In terms of reading proficiency, New York State is ranked 32nd. To address that, the governor is putting forth modifications to literacy instruction.
Gov. Kathy Hochul put up a significant proposal on Wednesday that could change the way reading is taught in many New York schools. She is following the example set by other states that have abandoned teaching strategies that experts claim have failed millions of students.
The request is made in light of growing evidence, according to education experts, that the state’s literacy strategy is ineffective. Less than half of third graders in New York passed the state reading assessments last year.
By September 2025, Ms. Hochul demanded that the state Education Department mandate that school districts demonstrate that their curricula have adopted “scientifically proven” approaches to literacy.
“This is a huge problem since it took a while for people to recognize that what was being done was ineffective. Nevertheless, no one spoke out and said, “It needs to change,” Ms. Hochul told a group of legislators, educators, and fourth graders in a Watervliet, New York, public elementary school on Wednesday.
“We’re doing that here today,” she continued. “We will do better if we say we can do better.”
The governor suggested allocating $10 million for the retraining of educators in the “science of reading,” which includes educating kids to increase their vocabulary and decipher words to comprehend their meaning. She demanded that instructors be trained in these techniques through programs at the City University of New York and the State University of New York.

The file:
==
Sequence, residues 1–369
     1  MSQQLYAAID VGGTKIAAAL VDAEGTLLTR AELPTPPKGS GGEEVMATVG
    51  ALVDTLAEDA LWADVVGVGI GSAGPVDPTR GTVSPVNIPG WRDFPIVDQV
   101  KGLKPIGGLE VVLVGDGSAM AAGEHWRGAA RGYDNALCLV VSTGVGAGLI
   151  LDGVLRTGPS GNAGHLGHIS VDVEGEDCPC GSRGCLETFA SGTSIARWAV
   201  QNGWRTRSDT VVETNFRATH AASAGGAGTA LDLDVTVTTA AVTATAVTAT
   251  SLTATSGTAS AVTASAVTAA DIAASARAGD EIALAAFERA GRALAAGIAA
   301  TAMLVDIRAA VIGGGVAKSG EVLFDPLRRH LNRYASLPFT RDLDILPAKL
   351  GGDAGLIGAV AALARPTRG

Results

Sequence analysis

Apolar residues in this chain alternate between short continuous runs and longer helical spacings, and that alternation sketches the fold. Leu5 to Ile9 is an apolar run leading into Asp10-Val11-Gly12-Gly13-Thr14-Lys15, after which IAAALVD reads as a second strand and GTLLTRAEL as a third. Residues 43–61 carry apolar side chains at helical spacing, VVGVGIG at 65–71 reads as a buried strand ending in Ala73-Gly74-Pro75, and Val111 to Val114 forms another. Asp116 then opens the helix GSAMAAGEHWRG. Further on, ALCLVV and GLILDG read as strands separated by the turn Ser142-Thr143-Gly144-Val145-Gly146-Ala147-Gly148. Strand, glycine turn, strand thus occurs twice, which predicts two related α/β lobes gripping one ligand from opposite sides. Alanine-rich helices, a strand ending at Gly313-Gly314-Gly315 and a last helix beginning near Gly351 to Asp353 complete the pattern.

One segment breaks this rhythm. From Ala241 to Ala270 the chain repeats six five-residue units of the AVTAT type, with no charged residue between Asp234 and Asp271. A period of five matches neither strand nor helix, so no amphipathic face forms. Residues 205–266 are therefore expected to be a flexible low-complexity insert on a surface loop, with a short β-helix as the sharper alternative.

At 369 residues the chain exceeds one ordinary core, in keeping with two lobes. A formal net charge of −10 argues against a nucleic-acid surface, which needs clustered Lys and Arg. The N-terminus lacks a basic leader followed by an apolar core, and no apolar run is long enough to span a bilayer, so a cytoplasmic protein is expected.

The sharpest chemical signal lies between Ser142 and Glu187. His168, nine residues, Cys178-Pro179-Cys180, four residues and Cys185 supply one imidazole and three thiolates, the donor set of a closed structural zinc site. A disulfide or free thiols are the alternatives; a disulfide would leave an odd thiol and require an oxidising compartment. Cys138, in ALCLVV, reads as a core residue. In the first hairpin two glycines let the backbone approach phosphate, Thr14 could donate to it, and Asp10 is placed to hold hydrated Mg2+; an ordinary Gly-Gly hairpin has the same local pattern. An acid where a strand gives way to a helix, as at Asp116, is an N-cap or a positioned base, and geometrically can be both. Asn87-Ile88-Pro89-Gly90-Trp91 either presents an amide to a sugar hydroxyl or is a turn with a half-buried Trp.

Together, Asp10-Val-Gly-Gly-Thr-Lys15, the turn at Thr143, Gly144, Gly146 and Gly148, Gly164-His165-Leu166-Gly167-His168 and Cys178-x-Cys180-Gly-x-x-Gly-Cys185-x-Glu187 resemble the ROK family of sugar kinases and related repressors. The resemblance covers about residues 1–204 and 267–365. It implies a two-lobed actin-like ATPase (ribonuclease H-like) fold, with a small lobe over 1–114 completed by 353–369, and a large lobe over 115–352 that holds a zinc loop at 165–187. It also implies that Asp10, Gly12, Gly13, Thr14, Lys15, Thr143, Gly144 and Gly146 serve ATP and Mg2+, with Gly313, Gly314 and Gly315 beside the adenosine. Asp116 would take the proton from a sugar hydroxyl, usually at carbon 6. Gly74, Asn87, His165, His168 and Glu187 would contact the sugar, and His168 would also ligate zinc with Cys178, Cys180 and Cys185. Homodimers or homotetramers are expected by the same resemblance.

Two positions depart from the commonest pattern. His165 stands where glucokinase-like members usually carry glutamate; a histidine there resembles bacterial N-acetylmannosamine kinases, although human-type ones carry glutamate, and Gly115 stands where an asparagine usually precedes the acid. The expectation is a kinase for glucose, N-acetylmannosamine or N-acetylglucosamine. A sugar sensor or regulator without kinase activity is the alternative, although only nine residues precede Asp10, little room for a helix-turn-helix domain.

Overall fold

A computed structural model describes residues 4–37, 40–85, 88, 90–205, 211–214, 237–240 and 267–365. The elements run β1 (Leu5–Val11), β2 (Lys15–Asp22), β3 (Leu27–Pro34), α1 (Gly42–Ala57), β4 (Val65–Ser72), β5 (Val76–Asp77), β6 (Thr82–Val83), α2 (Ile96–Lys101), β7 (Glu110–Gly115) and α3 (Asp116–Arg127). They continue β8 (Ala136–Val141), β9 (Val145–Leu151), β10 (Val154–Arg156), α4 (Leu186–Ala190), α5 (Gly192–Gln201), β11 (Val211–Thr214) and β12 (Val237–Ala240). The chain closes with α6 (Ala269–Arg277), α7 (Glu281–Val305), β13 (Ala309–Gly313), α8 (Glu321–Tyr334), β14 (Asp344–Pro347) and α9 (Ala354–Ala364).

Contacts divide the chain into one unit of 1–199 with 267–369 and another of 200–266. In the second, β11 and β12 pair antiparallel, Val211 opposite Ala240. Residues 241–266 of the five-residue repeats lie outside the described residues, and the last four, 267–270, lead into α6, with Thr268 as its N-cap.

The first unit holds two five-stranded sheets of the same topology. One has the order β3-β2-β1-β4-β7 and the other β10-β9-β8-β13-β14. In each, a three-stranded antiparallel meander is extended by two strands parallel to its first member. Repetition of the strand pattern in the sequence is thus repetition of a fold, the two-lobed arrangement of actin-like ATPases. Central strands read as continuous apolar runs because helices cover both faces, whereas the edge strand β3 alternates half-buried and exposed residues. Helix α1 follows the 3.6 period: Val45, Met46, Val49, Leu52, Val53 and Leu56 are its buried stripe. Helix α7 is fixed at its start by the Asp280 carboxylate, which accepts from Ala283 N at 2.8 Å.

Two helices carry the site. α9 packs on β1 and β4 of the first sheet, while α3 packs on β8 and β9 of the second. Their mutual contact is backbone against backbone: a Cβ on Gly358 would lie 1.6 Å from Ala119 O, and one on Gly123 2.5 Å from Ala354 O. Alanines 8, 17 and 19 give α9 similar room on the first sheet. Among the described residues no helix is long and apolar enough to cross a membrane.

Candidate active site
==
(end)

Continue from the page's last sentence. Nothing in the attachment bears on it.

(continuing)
More than 30 states introduced science of reading laws as a result of the pandemic’s disruption of education and nationwide stagnation of reading results. Among them was not New York.
Experts and parents of students in public schools have chastised the state for taking its time implementing strategies that consider the latest findings on how kids learn to read.
New York City declared last year that it would start implementing its own reading curriculum reform in all seven hundred or so of its elementary schools. Schools are being forced by the city to select from a list of approved curricula. Some instructors have found the move to be frustrating as they feel like they no longer have control over their teaching methods.
The reading proposal is one of many that Ms. Hochul is releasing in advance of her State of the State speech to legislators in Albany next week, during which she will outline her objectives for the 2024 session.
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